But soon Sir Isumbras came upon a distressing sight – his wife and his three children standing naked before him, charred and burnt from their flight through the hot flames. He had been able to treat his misfortune lightly until now, but when he saw them standing there, without their expensive clothes, without any clothes on at all, he began to break down. The lady was consoling her children: 'Do not fear,' she comforted them, 'for I can see your father standing over there.'

They all wept together and Sir Isumbras urged them not to be too upset. 'All the sorrow that we find ourselves in is caused by the sins we have committed,' he instructed them. 'We have deserved as much, and still more. But now that my power is destroyed, our friends will not support us and so I think it is best that we leave immediately. I do not care for my own sake, but I can neither feed nor reward anyone who might work for me, and this is my greatest regret.'

Sir Isumbras took off his outer mantel and covered his wife with the expensive cloth. Then he tore his rich surcoat into three pieces and draped them over his naked children. 'Let us do as I advise,' he said. 'We shall seek the place where God lived and died for us, shedding His blood for us on the cross. For Jesus Christ in His mercy will provide food for us if we beg while we travel along.' And with his knife Sir Isumbras cut the figure of Christ's cross into the flesh of his shoulder to proclaim, in an extreme way, his desire to travel as a pilgrim to Jerusalem, as the story tells us. And all those who had been their friends, wept and sighed and tried to talk them out of it. But the knight and his noble lady took their leave of them all and began a long journey to the Holy Land.

Everybody wept to see them go, both young and old, for they were taking nothing with them, neither gold nor food nor any means of buying anything. They would beg for their meals, wherever any food was to be had, and live on charity. And as Christ willed, their journey took them through two kingdoms. Sir Isumbras, his wife and their three children made a sorrowful sight. They travelled for six days without eating, crying out with hunger as they went along, and at the end of these six days they arrived at the banks of a great river. They would gladly have been able to cross it. This was a worrying development for them.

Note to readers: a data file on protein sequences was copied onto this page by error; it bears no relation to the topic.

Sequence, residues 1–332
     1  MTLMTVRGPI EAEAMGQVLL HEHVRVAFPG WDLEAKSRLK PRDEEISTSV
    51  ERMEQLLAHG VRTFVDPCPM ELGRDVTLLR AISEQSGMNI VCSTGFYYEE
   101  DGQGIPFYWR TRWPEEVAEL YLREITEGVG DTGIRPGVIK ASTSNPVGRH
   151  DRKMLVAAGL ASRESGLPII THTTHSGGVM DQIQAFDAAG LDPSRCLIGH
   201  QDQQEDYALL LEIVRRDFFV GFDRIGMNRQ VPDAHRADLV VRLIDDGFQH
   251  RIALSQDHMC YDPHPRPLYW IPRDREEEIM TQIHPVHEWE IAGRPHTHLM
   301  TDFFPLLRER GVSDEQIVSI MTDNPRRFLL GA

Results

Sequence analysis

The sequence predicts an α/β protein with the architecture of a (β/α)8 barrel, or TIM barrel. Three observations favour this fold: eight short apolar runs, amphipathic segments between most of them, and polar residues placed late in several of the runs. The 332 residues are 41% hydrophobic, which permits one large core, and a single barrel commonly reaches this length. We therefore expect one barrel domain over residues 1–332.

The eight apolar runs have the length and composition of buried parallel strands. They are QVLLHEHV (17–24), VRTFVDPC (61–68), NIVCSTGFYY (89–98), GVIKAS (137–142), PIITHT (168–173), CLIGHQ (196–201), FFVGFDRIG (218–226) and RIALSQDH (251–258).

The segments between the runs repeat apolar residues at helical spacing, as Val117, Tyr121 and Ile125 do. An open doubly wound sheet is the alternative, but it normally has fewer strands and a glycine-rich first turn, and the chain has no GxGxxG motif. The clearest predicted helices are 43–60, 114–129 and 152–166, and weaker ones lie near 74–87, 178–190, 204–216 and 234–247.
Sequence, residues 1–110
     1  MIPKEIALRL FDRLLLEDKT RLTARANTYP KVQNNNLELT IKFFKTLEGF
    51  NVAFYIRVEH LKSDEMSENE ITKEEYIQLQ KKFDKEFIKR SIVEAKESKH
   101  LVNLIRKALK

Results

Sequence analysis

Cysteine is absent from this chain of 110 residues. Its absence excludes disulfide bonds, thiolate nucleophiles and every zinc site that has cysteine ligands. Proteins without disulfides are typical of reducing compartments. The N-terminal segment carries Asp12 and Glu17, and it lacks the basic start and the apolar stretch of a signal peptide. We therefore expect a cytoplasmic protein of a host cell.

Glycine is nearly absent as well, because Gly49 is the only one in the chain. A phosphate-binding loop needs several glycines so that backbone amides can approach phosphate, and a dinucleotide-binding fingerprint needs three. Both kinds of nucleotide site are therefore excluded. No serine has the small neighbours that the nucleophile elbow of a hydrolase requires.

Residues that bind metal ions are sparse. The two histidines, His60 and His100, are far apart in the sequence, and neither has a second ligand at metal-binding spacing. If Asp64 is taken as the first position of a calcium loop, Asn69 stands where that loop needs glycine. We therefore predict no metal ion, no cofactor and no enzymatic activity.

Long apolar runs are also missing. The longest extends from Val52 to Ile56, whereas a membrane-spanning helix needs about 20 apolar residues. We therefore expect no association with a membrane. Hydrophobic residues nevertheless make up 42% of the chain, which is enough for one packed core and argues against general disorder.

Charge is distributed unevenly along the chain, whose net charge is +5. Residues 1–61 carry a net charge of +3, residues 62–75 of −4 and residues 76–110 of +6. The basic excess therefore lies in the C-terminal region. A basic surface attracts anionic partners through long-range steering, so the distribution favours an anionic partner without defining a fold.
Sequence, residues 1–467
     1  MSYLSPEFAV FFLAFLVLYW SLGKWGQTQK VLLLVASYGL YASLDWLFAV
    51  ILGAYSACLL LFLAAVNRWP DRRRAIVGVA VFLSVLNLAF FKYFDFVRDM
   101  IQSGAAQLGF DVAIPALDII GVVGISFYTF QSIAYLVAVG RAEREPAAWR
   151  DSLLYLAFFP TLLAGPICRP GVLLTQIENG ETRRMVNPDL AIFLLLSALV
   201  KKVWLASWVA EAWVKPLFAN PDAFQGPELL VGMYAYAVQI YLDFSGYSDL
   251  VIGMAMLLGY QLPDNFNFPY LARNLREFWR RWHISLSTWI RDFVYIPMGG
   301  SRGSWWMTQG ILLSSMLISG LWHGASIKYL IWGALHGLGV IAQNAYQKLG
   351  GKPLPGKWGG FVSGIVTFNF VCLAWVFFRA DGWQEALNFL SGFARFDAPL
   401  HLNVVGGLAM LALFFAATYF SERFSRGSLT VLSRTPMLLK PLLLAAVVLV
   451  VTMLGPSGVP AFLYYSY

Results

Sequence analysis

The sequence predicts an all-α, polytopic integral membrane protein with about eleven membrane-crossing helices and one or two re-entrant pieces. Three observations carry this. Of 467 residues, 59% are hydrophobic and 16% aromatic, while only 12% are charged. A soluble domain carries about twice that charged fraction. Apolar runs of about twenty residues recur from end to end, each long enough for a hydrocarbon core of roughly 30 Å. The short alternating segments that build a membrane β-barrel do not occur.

Sir Isumbras carried his eldest son on his back over the water and laid him beside a thicket of broom. 'Dear son, lie here quietly,' he instructed, 'whilst I go back for your brother. Play with the things close to you until I return. Play with these flowers.'

Sir Isumbras was healthy and strong and had no difficulty swimming back across the river again. There he picked up his second son and started to swim with him through the raging current; but before he could reach the other bank, a lion carried his eldest son away! Sir Isumbras was distraught! And as he was returning across the water once again, a leopard carried off the son that he had just left behind! His wife shrieked and wailed from the far bank and looked as though she was about to take her own life. 'Be quiet!' said Sir Isumbras when he reached her. 'It is God's will that this is happening.'

No wonder, though, that they are both distressed. Their two eldest sons had been lost!

Sir Isumbras carried his dear wife across the water with his youngest son and, on dry land once again, they travelled for three days through some lonely woodland, until they came at last to the sea. It was the Aegean sea. They fell down onto their knees and wept; and as they walked along the shore, they watched three hundred ships sail quickly past them along the coast, finely constructed and decked out with splendid castles and many flags, looking magnificent and proud. A heathen king was leading them, with the intention of spreading terror across the land and defeating all Christendom! Sir Isumbras thought that he and his wife should seek shelter at a harbour that lay where the forest met the sea, but here they encountered more men than they could number, running and riding this way and that. Sir Isumbras raised his voice above the noise and asked his wife: 'Who are all these strange people? We have travelled for more than a week through a forest with nothing to eat and we must ask for food, if it pleases Christ to let us receive any.'